By devoting serious attention to office furniture and arrangements, companies send the message that they care about their layout and think about the details. This isn’t just about looks, either. At least one highly motivated visionary in the business world has shown care for everyday workplace surroundings: Steve Jobs.
Business Insider recently cited a section from Walter Isaacson’s biography of tech “innovators” that referenced Jobs’ oversight of office design. According to Isaacson, Jobs’ main goal was to inspire collaboration by putting people from different disciplines in close contact, a concept shared by other major companies from Bell Labs to Yahoo.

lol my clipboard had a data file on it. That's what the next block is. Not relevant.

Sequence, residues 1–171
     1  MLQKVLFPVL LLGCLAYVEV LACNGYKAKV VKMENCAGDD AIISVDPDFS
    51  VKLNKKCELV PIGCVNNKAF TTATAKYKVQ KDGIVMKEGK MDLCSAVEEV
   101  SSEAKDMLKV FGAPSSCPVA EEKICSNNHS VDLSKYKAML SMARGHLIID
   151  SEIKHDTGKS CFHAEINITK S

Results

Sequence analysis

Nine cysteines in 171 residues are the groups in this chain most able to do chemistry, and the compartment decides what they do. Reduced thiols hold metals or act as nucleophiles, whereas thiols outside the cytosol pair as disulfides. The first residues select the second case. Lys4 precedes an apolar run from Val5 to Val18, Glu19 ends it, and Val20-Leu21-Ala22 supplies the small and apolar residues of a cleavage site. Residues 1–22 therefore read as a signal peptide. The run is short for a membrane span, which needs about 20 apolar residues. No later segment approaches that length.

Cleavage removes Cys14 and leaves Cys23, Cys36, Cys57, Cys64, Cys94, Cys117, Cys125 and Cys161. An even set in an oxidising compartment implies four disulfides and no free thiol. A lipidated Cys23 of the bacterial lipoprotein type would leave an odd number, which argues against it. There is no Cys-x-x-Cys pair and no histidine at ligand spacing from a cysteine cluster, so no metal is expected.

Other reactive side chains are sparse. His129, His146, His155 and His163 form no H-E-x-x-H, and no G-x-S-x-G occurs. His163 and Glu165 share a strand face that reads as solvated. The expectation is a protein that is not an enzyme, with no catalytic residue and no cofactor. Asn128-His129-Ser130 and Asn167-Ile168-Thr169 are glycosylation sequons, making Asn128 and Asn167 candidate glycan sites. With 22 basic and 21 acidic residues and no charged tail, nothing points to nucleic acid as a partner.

It’s tough to think that far ahead, and to know exactly how people will have “serendipitous encounters” at their office, but in the case of Jobs, combining teams was a key part of his strategy and affected the way he thought about companies as a whole.
“When Steve Jobs designed a new headquarters for Pixar, he obsessed over ways to structure the atrium, and even where to locate the bathrooms, so that serendipitous personal encounters would occur,” Isaacson writes. “Among his last creations was the plan for Apple’s new signature headquarters, a circle with rings of open workspaces surrounding a central courtyard.”
Collaboration isn’t the only thing the office layout affects. Color, light, and background noise all impact the employee’s ability to concentrate and be productive, as one article from Fast Company recently pointed out. It suggests that both structure and fluidity are necessary to make a productive workplace.
By rearranging used workstations in the office, businesses can promote a creative and idea-focused atmosphere that drives progress and is better for the company overall. Office managers can base their strategies on people like jobs or create their own layouts.